Blog: China’s modernization strategy: How China plans to double its GDP … – CGTN

China’s annual Two Sessions meetings have revealed exciting reforms that aim to double the country’s GDP by 2035, compared to its 2020 level.  

It aims to achieve this through investment in high quality development that embraces decarbonization and revives rural areas in need of financial stimulus. 

In doing so, it is hoped that 800 million people will be lifted into the ranks of the middle income.  

The belief is that this approach, in tandem with a series of financial reforms, will also attract unlimited opportunities for foreign companies to invest in the country. 


Here are five key pillars of China’s modernization strategy and explained three areas: high quality development, common prosperity and financial reform in more detail as the country enters an exciting new era. 

China’s modernization strategy: At a glance 

A step-by-step approach 
China’s population of 1.4 billion people is greater than Europe and the Americas combined. Therefore, the program will take a step-by-step approach depending on China’s economic conditions.  

Common prosperity for all 
Social equality and economic inclusiveness and making sure that nobody is left behind. 

Material and cultural and ethical advancement  
This is all about reviving China’s historic and cultural heritage. 

Harmony between humanity and nature  
China is serious about green development and ecological civilization. 

Peaceful development 
China will not colonize other parts of the world and will instead pursue peaceful development with other countries.  


Explained: High quality development

What does it mean when China says it wants high quality development? It means a modern market economy that is fair and transparent and upgrading the manufacturing sector towards hi-tech decarbonization. It’s also about reviving the rural areas of the country to raise farmers’ incomes and offer more opportunities for poorer people to close the wealth gap, and attract more foreign investment by opening up further. 

China has relied on investment, low-cost manufacturing and exports to drive its economy for decades. But this approach has its limits. To avoid the middle income trap the country must embrace high quality development. With this approach, China hopes to double its GDP by 2035 compared to its 2020 level. And, in the process, improve its natural environment, education, healthcare, social equality and the rule of law. These factors are all crucial to achieving common prosperity.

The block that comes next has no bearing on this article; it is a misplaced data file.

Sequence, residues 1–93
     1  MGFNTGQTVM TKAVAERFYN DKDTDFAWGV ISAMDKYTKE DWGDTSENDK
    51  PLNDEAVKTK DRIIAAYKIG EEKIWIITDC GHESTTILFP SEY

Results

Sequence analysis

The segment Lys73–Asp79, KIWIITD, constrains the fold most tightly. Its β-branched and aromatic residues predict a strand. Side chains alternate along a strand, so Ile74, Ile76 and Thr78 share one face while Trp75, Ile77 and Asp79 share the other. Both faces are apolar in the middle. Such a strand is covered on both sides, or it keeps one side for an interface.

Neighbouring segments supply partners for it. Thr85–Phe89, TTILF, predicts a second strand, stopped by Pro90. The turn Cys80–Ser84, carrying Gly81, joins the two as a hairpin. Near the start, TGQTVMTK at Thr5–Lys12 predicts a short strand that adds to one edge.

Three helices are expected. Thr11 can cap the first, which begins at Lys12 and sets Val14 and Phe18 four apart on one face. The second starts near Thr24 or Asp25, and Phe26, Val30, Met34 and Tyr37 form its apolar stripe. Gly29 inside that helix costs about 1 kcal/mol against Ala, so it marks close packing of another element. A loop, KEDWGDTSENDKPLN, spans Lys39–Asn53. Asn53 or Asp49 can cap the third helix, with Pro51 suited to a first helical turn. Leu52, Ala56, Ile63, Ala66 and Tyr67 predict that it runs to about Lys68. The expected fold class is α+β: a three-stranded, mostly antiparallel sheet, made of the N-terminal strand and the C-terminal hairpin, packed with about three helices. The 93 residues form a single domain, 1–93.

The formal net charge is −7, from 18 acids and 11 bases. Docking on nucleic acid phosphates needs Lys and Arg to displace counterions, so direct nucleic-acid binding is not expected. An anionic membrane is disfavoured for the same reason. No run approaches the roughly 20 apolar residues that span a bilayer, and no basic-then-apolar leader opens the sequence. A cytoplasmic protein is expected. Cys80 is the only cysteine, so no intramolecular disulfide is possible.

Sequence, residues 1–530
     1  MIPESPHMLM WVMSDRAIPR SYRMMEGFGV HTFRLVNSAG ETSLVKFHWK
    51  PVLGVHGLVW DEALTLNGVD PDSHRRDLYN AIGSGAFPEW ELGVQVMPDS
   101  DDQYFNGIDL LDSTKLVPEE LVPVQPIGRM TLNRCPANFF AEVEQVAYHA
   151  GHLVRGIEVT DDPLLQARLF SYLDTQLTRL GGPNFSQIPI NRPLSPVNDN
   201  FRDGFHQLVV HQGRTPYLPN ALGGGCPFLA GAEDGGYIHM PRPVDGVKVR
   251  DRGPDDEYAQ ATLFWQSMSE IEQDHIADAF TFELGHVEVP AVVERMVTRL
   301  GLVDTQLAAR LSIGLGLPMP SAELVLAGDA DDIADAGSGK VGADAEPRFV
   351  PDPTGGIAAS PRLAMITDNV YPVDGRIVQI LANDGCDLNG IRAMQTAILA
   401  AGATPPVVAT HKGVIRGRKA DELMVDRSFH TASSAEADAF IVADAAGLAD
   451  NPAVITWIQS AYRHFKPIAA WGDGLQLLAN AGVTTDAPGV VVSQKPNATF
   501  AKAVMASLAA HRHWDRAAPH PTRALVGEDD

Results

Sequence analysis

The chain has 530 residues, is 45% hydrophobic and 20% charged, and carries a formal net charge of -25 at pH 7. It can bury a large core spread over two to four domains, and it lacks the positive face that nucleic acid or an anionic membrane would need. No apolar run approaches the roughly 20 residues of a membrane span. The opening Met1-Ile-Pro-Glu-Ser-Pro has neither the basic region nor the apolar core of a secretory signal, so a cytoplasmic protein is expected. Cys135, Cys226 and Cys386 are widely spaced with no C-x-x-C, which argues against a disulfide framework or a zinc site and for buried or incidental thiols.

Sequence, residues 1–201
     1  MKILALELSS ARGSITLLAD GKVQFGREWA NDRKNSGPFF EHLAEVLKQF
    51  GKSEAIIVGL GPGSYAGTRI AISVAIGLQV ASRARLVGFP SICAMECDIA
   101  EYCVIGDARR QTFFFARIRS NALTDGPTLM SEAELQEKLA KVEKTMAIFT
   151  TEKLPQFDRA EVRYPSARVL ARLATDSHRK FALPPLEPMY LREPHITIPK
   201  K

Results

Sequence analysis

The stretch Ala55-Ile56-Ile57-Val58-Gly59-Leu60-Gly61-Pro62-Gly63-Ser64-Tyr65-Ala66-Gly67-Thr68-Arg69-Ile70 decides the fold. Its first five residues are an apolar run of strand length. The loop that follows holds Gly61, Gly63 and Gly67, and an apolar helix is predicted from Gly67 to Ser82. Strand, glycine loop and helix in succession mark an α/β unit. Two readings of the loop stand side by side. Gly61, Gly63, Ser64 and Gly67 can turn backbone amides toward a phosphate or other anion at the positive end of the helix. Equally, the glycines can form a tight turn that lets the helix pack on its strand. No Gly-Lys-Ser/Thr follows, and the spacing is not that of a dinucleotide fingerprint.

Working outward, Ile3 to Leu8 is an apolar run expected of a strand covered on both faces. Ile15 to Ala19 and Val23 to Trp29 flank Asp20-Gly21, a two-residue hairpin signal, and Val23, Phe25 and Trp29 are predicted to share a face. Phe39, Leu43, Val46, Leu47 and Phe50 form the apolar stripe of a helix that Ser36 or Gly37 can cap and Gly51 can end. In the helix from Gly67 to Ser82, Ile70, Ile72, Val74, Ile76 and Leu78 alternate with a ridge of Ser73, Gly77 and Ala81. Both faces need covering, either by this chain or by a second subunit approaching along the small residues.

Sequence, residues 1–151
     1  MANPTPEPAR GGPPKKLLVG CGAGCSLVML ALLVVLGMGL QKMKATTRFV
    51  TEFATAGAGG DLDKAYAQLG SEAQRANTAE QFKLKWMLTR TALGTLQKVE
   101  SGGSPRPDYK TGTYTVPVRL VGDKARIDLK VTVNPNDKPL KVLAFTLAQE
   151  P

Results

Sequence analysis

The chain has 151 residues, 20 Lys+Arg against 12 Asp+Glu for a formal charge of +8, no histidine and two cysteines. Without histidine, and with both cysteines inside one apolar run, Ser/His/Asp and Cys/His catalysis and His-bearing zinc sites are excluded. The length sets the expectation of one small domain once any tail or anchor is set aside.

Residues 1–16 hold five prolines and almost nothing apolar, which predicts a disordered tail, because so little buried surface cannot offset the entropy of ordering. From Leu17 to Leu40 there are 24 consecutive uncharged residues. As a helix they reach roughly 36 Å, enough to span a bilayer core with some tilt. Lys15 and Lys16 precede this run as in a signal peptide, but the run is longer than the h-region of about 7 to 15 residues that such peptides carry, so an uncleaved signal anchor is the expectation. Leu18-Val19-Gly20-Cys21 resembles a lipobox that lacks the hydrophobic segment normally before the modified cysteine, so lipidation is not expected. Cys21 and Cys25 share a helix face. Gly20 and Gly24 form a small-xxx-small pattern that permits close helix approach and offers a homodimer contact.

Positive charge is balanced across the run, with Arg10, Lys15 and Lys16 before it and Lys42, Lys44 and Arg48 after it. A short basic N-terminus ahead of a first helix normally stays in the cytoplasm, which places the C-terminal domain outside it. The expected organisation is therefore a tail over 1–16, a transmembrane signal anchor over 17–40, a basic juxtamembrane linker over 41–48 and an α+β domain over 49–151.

Explained: Common prosperity

After lifting 800 million people out of poverty, the next aim is to help them join the ranks of middle income people. The first step is a simple one – to encourage people to work hard: as a developing country China doesn’t have the resources to pay welfare to people who don’t want to work. So, common prosperity doesn’t mean building a uniform, egalitarian or welfare state. 

Then, the country will offer more opportunities to less developed areas of the country to raise productivity and income. At the same time China will rein in disorderly expansion of capital, monopolies and speculation. But, it’s important to note that polarization isn’t socialism. China protects private ownership, so common prosperity is not about robbing the rich and feeding the poor. The rich can stay rich but the poor mustn’t continue to be poor.

By 2035, common prosperity is expected to double China’s middle income population to over 800 million people, offering unlimited opportunities to global companies. 


Explained: Financial reform

China’s State Council unveiled a plan on Tuesday to reform its financial institutions. It has set up a national financial regulatory commission. Directly under the State Council, the proposed administration will oversee the entire financial industry. It will be established based on the Chinese banking and insurance regulatory commission, which will not be retained. The move is aimed at reinforcing financial regulation, preventing systemic risks and protecting financial product user rights. 

China will develop a local financial regulatory mechanism with agencies dispatched from central financial regulators as the mainstay. In the meantime the Chinese security regulation commission will become a government agency rather than a public institution under the State Council. 

China will also advance the reform of the branches of the People’s Bank of China or the Central Bank. The PBOC’s counter level services will not be retained. Their functions will be consolidated to city level branches. 

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